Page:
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Could Apple (NASDAQ:AAPL) Have Secretly Conspired To Kill Off MegaUpload?

01/24/12 by  
Filed under Bourbon & Bayonets

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The popular file-hosting site MegaUpload is officially closed. But is someone other than the DOJ to blame?

Users of Google+ are buzzing with controversy this week as people begin to realize that MegaUpload’s closure came just one month after the company announced a new streaming music service: MegaBox. MegaBox was designed to give artists a mind-blowing 90% of their earnings. That number is unheard of in the music industry. The company also intended to pay artists for free downloads. Technically, the latter offer is not all that different from the deal given to artists and record labels that join Spotify. But the 90% profit margin for paid downloads could have forever changed the business.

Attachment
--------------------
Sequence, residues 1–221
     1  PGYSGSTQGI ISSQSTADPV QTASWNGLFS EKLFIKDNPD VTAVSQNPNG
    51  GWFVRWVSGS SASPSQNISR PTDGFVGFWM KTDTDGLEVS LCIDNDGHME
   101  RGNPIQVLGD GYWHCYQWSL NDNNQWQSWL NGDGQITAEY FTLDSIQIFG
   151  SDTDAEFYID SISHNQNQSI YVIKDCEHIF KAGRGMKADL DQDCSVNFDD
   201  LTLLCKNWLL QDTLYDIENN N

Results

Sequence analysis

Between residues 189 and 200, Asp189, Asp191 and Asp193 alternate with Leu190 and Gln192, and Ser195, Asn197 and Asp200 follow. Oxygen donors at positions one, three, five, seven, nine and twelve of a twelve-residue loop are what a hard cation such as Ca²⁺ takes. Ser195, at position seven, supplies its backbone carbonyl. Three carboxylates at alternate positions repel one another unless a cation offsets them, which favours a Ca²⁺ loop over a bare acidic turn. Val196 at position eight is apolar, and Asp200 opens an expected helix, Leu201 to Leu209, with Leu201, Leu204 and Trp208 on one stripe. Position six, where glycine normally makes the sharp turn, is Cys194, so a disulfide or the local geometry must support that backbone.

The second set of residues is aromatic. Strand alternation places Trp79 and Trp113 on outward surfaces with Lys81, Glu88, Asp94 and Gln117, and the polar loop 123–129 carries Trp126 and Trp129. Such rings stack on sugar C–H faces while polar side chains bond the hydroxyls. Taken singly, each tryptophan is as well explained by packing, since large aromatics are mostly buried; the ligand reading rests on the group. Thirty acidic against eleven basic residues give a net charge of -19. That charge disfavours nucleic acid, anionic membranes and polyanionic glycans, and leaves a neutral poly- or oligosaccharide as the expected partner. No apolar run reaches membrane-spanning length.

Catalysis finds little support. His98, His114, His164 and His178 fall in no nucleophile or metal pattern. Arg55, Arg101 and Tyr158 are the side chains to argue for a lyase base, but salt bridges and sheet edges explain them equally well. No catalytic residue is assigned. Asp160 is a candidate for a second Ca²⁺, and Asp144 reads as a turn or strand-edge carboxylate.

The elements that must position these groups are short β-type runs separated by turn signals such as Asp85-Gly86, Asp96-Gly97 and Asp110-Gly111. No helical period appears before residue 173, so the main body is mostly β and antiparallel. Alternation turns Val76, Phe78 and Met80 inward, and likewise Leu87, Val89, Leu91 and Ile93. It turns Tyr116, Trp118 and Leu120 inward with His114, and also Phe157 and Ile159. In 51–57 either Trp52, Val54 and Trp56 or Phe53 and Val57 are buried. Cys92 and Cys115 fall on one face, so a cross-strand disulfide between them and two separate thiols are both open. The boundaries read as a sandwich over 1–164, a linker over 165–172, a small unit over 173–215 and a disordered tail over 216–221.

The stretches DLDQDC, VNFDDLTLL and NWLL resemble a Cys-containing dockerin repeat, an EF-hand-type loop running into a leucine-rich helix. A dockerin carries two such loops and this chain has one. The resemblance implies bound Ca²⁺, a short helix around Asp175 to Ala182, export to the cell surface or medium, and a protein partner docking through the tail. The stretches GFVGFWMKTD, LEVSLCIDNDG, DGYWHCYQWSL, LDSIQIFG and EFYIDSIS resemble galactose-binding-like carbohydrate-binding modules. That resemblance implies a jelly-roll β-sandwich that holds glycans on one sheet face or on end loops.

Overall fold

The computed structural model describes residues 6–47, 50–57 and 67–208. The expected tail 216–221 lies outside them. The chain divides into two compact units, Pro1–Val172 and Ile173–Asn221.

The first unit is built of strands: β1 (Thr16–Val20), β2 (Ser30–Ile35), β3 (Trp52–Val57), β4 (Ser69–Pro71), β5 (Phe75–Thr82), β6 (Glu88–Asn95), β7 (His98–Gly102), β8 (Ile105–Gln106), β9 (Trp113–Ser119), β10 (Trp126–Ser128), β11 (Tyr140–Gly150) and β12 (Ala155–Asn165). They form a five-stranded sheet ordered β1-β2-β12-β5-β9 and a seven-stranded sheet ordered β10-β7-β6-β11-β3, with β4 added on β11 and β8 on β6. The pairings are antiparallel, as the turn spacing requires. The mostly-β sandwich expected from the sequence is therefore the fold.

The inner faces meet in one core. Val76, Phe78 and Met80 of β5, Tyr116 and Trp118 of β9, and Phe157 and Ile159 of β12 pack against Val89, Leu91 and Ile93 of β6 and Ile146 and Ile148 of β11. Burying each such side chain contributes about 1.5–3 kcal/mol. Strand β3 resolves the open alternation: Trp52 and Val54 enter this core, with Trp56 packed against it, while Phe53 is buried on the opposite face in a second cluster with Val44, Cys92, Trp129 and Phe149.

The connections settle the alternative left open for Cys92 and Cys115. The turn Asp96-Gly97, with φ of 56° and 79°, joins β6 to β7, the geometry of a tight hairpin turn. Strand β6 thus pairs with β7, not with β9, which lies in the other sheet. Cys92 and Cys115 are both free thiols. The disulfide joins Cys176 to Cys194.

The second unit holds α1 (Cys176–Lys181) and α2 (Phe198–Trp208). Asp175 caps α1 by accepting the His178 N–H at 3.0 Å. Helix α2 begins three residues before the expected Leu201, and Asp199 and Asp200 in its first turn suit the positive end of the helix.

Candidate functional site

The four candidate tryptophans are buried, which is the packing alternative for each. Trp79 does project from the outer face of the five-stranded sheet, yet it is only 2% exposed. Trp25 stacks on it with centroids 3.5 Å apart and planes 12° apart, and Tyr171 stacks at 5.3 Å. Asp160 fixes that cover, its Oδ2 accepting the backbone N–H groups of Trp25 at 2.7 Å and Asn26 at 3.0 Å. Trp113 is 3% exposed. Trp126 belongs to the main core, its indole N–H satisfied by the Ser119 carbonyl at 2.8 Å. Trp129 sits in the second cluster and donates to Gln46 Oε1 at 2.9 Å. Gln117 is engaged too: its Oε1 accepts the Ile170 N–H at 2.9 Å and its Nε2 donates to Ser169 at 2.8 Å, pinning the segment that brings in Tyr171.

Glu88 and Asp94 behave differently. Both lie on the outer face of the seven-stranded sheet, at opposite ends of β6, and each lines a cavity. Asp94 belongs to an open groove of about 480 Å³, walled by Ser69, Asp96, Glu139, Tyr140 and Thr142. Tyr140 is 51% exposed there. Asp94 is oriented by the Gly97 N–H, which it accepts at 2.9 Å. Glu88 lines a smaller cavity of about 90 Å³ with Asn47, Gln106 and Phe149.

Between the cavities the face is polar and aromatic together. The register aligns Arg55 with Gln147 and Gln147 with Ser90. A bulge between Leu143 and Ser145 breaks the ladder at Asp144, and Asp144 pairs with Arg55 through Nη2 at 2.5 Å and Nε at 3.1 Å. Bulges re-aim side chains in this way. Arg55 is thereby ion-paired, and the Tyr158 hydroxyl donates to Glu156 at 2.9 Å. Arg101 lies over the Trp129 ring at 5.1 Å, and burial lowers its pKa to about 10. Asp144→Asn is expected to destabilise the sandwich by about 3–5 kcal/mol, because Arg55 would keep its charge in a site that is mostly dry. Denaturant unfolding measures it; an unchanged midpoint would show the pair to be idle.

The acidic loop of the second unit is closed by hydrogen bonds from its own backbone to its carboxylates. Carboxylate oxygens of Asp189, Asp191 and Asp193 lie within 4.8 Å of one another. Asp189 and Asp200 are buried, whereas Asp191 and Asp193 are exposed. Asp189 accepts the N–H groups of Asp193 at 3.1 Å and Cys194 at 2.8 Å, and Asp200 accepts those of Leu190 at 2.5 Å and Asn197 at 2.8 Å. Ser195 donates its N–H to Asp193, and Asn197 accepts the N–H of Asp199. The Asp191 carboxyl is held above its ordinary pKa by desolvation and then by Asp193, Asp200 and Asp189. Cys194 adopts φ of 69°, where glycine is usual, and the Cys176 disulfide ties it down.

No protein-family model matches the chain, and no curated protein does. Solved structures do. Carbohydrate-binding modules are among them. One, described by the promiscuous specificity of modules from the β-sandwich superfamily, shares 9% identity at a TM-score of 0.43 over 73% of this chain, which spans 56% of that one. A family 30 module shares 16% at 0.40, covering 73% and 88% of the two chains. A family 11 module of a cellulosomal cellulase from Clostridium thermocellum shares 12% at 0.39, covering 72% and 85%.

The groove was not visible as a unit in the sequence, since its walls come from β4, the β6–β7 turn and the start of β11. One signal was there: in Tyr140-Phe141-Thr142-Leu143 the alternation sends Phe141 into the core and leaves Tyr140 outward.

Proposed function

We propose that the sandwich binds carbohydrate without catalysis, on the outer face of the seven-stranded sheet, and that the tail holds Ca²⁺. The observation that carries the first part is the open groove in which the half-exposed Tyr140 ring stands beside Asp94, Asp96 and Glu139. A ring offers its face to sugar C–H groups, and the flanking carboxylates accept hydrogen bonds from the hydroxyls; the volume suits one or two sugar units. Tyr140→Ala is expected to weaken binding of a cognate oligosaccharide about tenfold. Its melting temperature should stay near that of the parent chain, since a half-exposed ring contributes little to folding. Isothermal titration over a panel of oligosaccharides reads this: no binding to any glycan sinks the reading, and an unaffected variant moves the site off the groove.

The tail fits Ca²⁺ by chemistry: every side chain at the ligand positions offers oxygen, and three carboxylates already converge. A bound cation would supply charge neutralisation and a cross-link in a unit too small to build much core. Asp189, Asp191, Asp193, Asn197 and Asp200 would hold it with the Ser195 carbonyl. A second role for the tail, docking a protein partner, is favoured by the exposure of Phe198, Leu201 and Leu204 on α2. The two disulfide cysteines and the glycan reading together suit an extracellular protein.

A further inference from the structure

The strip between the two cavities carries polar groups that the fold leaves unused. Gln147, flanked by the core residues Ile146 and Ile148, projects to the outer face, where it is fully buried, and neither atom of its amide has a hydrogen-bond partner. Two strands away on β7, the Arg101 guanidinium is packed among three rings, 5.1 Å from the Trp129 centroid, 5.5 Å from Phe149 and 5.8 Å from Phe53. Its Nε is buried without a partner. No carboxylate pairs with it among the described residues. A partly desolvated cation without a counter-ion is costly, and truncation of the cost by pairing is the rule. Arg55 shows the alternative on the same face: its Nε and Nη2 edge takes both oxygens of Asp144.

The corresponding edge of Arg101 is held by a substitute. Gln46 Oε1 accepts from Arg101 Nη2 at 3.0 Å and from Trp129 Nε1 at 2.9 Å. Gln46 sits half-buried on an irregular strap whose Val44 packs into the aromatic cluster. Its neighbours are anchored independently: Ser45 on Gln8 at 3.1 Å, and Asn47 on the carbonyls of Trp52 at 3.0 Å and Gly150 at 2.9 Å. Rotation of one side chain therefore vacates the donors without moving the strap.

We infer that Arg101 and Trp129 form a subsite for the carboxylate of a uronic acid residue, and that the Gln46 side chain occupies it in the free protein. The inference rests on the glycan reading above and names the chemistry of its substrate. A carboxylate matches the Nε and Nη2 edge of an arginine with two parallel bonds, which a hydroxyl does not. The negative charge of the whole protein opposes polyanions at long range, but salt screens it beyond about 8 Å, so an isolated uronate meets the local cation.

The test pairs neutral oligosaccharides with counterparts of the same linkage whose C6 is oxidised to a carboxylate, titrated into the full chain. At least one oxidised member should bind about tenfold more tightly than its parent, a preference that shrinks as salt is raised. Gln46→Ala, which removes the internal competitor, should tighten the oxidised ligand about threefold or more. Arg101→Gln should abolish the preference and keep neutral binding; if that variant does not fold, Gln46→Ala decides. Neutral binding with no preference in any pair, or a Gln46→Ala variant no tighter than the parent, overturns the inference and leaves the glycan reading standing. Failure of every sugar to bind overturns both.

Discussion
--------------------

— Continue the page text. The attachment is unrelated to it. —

This has prompted many to question the source of MegaUpload’s closure. Could the music industry have been the primary culprit? Could record labels have coaxed the Department of Justice into making a move before MegaUpload had a chance to launch its first major (and wholeheartedly legal) venture? It’s not as if there aren’t other file-sharing and file-hosting sites for the DOJ to go after. But it chose to make MegaUpload its primary target, and many people want to know why.

Let’s suppose, for a moment, that record labels are innocent in this scenario. Who, if anyone, might have pushed for the DOJ to take action?